YONKERS, N.Y. (July 11, 2014) — Consumer Reports magazine has hired award-winning writer and editor Mark Rechtin as its new Cars Content Development Team Leader.
In his new role, Mr. Rechtin will lead the development and implementation of content strategy for automotive coverage for Consumer Reports’ (CR) portfolio of digital and print products and services, the organization said. He will oversee a team of editors, writers and market analysts working together with engineers, statistical experts and technicians at CR’s Auto Test Center in East Haddam, Conn.
Mr. Rechtin comes to CR from Tire Business’ Detroit-based sister publication, Automotive News, where he was the West Coast Editor and Los Angeles Bureau Chief for the past two decades.
CR said its automotive ratings and reliability surveys “have for decades been core content areas” for the publication, and the organization “has long been known for its annual Top Picks list of vehicles and vehicle reliability assessments.”
The organization’s flagship properties include Consumer Reports magazine, which has a circulation of more than 4 million; ConsumerReports.org, which CR calls the world’s largest subscription-based website with 3.2 million subscribers; and numerous digital and interactive products and services, newsletters and special publication products.
Mr. Recthin has won many prestigious journalism awards, including the Jesse H. Neal National Business Journalism Award for his 2013 body of work, multiple awards from the American Society of Business Press Editors, and several Detroit Press Club awards including one on sales fraud at Mitsubishi Motors Corp.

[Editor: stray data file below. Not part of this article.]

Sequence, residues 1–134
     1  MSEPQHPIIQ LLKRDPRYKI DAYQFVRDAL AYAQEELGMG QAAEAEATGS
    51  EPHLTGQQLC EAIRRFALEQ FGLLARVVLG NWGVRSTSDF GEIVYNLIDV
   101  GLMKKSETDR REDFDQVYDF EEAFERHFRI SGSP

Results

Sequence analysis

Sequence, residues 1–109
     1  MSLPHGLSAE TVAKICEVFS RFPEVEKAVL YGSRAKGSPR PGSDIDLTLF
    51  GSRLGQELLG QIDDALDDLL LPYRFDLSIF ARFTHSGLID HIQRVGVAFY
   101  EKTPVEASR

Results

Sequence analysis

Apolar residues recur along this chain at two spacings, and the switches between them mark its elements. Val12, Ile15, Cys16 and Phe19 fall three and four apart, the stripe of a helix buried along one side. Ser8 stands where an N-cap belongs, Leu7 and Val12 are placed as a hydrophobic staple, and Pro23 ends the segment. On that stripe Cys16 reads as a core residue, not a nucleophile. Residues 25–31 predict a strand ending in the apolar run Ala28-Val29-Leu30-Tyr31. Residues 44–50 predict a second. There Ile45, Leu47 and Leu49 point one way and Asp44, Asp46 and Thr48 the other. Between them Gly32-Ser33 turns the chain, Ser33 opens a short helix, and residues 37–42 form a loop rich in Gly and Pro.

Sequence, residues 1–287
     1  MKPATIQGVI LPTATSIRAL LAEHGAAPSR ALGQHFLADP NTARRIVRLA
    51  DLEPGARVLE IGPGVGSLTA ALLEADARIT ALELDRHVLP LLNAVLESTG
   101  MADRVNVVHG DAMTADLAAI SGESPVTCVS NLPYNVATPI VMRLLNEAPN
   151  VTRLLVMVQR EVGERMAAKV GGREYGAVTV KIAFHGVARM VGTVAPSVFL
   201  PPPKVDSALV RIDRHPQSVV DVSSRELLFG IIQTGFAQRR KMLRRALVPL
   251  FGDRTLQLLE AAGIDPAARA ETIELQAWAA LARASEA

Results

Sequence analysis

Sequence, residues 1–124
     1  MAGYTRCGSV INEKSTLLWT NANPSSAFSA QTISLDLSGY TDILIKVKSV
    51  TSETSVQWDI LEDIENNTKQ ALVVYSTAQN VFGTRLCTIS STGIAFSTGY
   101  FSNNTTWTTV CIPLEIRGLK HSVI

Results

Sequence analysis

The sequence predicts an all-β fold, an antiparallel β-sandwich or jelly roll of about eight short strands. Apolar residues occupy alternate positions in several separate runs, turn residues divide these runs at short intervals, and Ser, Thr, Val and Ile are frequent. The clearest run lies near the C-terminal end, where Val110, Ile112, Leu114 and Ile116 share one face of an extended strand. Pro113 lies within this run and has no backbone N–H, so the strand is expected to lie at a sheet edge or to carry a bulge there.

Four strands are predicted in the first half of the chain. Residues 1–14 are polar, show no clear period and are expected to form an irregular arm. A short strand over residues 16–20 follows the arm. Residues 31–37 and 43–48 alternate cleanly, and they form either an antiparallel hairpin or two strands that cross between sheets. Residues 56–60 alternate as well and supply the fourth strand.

He recently won a first-place prize in the 2014 Jesse H. Neal Awards, a journalism contest that recognizes the nation's finest business-to-business media.
He also was a bureau chief and project manager for Automotive News’ European editions in London and Munich, where he created a business plan to turn the publication’s print-centric operation digital.
Mr. Rechtin will report to Diane Salvatore, CR’s senior director, content strategy and development.
“Mark is a skilled journalist and storyteller in digital, print and on video,” Ms. Salvatore said. “He has an excellent sense of what consumers deserve to know about cars they will buy and own.”
Mr. Rechtin said he is “delighted to be joining the talented team at Consumer Reports. I was drawn by the integrity of the brand, the fact that the organization takes no external advertising, and the deep level of expertise from the staff at the Auto Test Center.”
Also joining the cars content team as senior associate editor is George Kennedy, who has been the managing editor of BoldRide.com and a contributor to the Boston Globe and CarsGurus.com. http://www.carsgurus.com/ Previously, he was associate editor at Autoblog.
Founded in 1936, Consumer Reports has more than 8 million subscribers to its magazine, website and other publications. Its advocacy division, Consumers Union, works for health reform, food and product safety, financial reform and other consumer issues in Washington, D.C., the states, and in the marketplace.
The magazine claims its testing procedures “are the most comprehensive of any U.S. publication or website. More than 50 individual tests are performed on every vehicle—including evaluations of braking, handling, comfort, convenience, safety and fuel economy.
“Roughly 6,000 miles of general driving and evaluations are racked up on each test car during the testing process. CR buys all its test cars anonymously from dealers. Other reviewers base their evaluations on press cars that are hand-picked by the auto makers.”
The nonprofit organization has more than 50 labs and a survey research center in addition to its auto test center that produce ratings on thousands of products and services annually.
Do your technicians use iPads, tablets or other electronic devices to check in customers and write up service orders?
|Yes, we have for quite some time||
36% (45 votes)
|No, but we plan to begin using them soon||
27% (33 votes)
|No, we can’t afford or support it||
23% (29 votes)
|Never, I hate technology||
14% (17 votes)
|Total votes: 124|